Evictions3 Day Notice RequirementsCALCULATING THE TIME PERIOD OF A 3-DAY NOTICECalculating the 3-day period the tenant has to pay or vacate on the 3-day notice is extremely important. Calculating the 3-day period incorrectly on the notice or filing the case in court prior to the expiration of the 3-day time period can very likely result in the eviction case being dismissed. The following is a simple chart to help determine when the 3-day notice legally expires. VERY IMPORTANT: Please note that weekends and holidays observed by the Clerk of Courts should not be included when calculating the 3-day time period. Example: a 3-day notice served on Tuesday, July 3, 2007, would expire on Monday, July 9, 2007, because you would not count Independence Day, Wednesday, July 4, nor Saturday, July 7, and Sunday, July 8. Day Served Notice Expires Midnight of
The 3-day notice can be served as soon as the rent is past due. In other words wait until the tenant is late with the rent. If you have a written lease, you should consult with your lease to determine when he rent is due. For instance if your lease states that the rent is due on or before the first of the month and a late fee is charged after the fifth of the month, you do not necessarily need to wait until the fifth and can serve a 3-day notice on the second as the rent was due on the first.
WHAT AMOUNTS CAN BE CLAIMED ON A 3-DAY NOTICE You can only claim rent amounts that are past due. Do not include any amounts that are not “rent”, such as utilities, security deposits, late fees or other costs. If you have a lease in effect with your tenant and any of the preceding items are defined as rent in the lease then you may include it in the amount due in the 3-day notice. If you claim items other than rent in your 3-day notice or rent that is not due (future rent) the eviction case can be dismissed. Example: If your lease contains language that states that as additional rent the tenant shall pay a late fee if the rent is paid late then the late fee may be included in the 3-day notice.
HOW TO DELIVER THE 3-DAY NOTICE The 3-day notice should be personally delivered to the tenant. If the tenant is not at the leased premises the 3-day notice may be posted in a conspicuous place at the leased premises, i.e., tape it to the front door. You can also mail the 3-day notice to the tenant. However, please note that you must add 5 days each way for mail time. If you mail the 3-day notice add 5 days for the notice to be delivered via the mail to the tenant and 5 days for the tenants response to be delivered via the mail to you. In other words if you use the mail to deliver the 3-day notice it actually becomes a 13 day notice.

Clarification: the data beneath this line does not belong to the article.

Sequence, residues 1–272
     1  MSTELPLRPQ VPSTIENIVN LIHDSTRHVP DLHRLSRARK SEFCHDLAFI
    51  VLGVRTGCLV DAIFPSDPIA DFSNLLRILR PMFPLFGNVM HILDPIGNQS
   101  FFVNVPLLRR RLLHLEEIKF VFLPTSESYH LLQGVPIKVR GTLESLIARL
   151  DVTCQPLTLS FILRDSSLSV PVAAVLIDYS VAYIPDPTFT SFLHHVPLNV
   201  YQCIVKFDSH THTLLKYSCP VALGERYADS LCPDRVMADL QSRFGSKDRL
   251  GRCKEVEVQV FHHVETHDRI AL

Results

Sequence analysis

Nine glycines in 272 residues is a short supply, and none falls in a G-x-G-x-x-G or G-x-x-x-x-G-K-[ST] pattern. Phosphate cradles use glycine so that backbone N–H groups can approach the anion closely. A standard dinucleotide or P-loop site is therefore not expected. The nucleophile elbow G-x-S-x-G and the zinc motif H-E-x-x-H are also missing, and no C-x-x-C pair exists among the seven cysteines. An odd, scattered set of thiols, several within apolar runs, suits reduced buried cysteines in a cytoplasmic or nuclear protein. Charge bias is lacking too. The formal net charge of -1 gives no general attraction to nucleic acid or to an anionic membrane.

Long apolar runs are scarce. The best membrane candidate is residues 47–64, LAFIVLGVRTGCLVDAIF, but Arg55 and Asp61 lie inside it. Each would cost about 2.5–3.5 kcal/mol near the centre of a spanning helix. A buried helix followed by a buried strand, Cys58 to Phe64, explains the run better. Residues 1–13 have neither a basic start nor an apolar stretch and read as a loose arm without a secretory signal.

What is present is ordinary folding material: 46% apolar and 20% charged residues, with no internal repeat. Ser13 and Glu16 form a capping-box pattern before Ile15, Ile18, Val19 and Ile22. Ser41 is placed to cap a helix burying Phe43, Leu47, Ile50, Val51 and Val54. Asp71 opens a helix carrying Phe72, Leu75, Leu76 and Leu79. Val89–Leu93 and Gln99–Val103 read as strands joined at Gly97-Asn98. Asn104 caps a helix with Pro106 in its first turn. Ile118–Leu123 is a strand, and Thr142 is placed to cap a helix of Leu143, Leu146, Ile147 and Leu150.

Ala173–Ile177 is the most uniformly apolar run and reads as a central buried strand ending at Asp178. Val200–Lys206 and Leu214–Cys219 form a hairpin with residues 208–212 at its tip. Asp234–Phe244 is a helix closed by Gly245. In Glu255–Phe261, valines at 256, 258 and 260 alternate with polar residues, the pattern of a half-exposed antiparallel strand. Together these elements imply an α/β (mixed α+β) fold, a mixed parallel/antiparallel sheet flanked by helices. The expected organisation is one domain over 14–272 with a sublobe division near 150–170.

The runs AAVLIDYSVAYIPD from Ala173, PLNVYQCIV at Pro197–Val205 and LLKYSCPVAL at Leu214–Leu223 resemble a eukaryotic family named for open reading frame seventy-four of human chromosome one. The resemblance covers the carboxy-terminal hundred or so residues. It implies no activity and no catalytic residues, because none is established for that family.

There are some circumstances where delivering the notice via the mail is the only option or where the tenant will always be allowed to use the mail to respond to a 3-day notice. This typically occurs when the landlord uses a P.O. Box or an out-of-town address for the tenant to pay rent.
TENANT PAYMENTS DURING THE 3-DAY NOTICE PERIOD If the tenant attempts to tender payment for the full amount due as per your 3-day notice you must accept the payment and can’t evict the tenant for non-payment. If the tenant attempts to tender a partial payment you do not have to accept it. Some landlords may decide to accept partial payments or a payment plan for the arrears. This is entirely up to the landlord. If the landlord accepts a partial payment the 3-day notice has been partially complied with and you can’t evict the tenant for non-payment of rent. You may technically be able to evict the tenant for non-payment of rent if you serve the tenant with a new 3-day notice with a revised amount. As far as accepting a tender of full payment goes, you must accept the payment in the usual manner that it is paid. You can only insist on certified funds or cash if the tenant has given you bounced checks in the past. If you accept cash from tenants keep a receipt book and provide the tenant with a receipt for cash.
3-DAY NOTICE FLAWS Courts have struggled and differ on how to treat defects in 3-day notices. However, the end result is that many times cases are dismissed due to the defect. Among the consequences a dismissal has for the landlord is that a new 3-day notice must be served and the case started from scratch. Another more bleak result is that the landlord may be liable to the tenant for legal fees and costs associated with defending the eviction case.